We must postpone our restaurant reviews of San Diego one more day.
We continued our visit to Tucson, AZ, with a walk around the downtown historic district. I was intrigued by the Pima County Courthouse because of its pinkish color. The courthouse, designed in 1928 in Spanish Colonial style, is an architectural homage to Tucson's Spanish-Mexican past. The best part of the complex is actually its glittering mosaic-tiled dome in vaguely Moorish style.
Near the courthouse is this wall which was part of the Presidio, built in the late 1770s to enclose the 11 acres to protect people inside the fort from Apache attacks.
St. Augustine’s Cathedral was completed in 1868. A two-year restoration program was completed in 1968, coinciding with the 100th anniversary of the original church.
The facade was magnificent, e.g., above the entryway, next to a bronze statue of St. Augustine, are carvings of local desert scenes with saguaro cacti, yucca, and prickly pears.
Then, we came upon two theaters that warranted tours. Unfortunately, we didn't know about the Rialto until we were ending our stay in Tucson. The Rialto was across the street from the Hotel Congress. When it opened in 1920, the Rialto featured vaudeville.
Motion pictures or “photoplays” didn’t predominate the theater business until a decade later with the arrival of “talkies.” (The Rialto itself sported a lighted mini-marquee in 1930 that read “Our Screen Talks!”).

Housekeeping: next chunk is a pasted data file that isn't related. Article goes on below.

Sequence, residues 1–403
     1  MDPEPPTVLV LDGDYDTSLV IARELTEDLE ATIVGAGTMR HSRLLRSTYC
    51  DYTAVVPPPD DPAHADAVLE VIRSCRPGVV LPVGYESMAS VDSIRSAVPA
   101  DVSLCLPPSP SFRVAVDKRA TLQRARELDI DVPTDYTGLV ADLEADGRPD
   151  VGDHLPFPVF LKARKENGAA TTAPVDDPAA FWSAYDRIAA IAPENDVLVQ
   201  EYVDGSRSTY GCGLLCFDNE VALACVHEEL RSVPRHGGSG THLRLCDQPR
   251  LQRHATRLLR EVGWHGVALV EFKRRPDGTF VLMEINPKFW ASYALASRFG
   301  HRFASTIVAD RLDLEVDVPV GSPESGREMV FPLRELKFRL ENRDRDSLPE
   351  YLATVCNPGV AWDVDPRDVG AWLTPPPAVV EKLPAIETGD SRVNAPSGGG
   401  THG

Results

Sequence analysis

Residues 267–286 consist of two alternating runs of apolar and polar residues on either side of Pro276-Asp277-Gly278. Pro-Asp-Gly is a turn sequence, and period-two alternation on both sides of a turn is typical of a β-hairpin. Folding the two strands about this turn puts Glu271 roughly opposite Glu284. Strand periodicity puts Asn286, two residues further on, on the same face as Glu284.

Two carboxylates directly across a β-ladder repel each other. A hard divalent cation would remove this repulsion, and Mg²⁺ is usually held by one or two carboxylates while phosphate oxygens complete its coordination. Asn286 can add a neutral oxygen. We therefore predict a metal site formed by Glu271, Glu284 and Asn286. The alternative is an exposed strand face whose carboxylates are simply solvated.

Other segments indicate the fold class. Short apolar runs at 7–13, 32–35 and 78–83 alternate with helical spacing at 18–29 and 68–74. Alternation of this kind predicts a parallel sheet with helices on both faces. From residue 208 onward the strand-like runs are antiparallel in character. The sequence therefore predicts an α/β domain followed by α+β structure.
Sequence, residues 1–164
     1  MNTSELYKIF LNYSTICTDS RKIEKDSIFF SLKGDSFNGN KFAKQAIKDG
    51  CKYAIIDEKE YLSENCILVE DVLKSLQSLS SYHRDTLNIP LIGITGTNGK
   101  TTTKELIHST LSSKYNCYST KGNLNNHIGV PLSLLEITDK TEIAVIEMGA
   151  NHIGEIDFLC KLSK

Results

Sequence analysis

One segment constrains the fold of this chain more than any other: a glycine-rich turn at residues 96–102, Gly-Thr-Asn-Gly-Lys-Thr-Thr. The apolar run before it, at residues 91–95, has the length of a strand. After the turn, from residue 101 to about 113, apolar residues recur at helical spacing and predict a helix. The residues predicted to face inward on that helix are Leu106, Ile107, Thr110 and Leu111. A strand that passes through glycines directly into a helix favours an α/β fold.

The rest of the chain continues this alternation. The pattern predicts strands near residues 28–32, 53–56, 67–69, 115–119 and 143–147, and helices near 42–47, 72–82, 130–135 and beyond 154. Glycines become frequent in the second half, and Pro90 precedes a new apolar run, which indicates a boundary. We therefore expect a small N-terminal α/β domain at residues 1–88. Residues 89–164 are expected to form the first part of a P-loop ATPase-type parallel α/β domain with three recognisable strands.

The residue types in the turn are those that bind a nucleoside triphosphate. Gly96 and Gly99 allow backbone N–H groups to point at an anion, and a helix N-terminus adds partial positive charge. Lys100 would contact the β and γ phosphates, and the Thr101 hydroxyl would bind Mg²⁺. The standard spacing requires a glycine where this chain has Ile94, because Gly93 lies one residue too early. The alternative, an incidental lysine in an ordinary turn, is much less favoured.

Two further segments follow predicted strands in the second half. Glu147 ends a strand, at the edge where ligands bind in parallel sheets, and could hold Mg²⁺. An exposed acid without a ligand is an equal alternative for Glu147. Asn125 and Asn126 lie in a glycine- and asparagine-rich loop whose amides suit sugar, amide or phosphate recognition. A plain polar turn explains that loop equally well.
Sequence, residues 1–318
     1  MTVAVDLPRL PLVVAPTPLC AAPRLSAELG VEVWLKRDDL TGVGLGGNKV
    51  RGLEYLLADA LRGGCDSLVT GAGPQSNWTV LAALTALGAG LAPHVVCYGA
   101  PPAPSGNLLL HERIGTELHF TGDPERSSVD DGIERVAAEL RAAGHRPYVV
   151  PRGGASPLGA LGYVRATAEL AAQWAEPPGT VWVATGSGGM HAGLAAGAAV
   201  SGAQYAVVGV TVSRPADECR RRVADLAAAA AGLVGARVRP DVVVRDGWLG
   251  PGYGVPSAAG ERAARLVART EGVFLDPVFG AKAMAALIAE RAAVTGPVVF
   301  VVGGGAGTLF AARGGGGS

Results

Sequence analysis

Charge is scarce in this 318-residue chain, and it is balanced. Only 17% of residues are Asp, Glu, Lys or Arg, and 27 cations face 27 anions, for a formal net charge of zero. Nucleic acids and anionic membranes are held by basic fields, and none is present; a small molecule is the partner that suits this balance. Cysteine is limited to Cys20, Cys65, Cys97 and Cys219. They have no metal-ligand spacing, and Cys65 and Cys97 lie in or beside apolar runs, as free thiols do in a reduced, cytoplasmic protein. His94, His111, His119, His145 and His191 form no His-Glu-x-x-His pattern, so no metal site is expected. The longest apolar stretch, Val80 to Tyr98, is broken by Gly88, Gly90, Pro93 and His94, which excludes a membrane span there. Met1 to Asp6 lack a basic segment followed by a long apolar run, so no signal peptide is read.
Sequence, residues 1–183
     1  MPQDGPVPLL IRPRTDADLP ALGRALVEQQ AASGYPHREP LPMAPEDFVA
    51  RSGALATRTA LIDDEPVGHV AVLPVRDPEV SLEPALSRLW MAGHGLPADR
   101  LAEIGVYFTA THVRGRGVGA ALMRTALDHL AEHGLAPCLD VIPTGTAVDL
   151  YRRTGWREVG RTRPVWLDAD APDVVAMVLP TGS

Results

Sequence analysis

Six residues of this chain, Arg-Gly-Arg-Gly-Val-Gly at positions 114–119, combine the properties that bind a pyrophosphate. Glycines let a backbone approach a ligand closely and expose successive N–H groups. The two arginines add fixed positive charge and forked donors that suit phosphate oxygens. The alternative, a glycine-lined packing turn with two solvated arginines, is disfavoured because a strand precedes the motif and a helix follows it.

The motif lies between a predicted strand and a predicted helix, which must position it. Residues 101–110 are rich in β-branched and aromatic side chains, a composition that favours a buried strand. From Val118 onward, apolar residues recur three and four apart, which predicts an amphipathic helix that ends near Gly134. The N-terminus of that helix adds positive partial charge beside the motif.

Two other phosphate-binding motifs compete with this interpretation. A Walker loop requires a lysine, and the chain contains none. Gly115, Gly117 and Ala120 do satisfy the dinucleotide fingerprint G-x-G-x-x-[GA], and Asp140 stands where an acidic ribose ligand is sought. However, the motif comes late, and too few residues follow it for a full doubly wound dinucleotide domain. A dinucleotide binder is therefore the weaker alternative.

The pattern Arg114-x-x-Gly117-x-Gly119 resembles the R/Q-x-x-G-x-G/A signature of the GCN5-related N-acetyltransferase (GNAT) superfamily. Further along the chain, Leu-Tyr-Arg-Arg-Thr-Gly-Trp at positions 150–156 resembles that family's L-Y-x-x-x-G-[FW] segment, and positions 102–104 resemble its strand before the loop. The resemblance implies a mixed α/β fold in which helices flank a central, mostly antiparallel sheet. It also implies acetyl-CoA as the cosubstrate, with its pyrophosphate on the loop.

We knew about the Fox Theater, but a phone call was not returned, so the possibility of a tour could not be pursued.
Construction began on what was to become the Fox Theatre on August 24, 1929. Opening night, April 11, 1930, marked the beginning of its 44¬year life as the center of Tucson’s entertainment world.
In 1974, competition from other venues, drive-ins and television conspired to end the run of popularity the Fox had enjoyed. It remained hidden from the view of the public for more than 26 years.
Restoration and rehabilitation began in 2000, and the theatre was re-opened in 2006. The colors of the entryway are indicative of Southwestern Art Deco, and they are intriguing enough to make this a "must see" stop on our return to Tucson.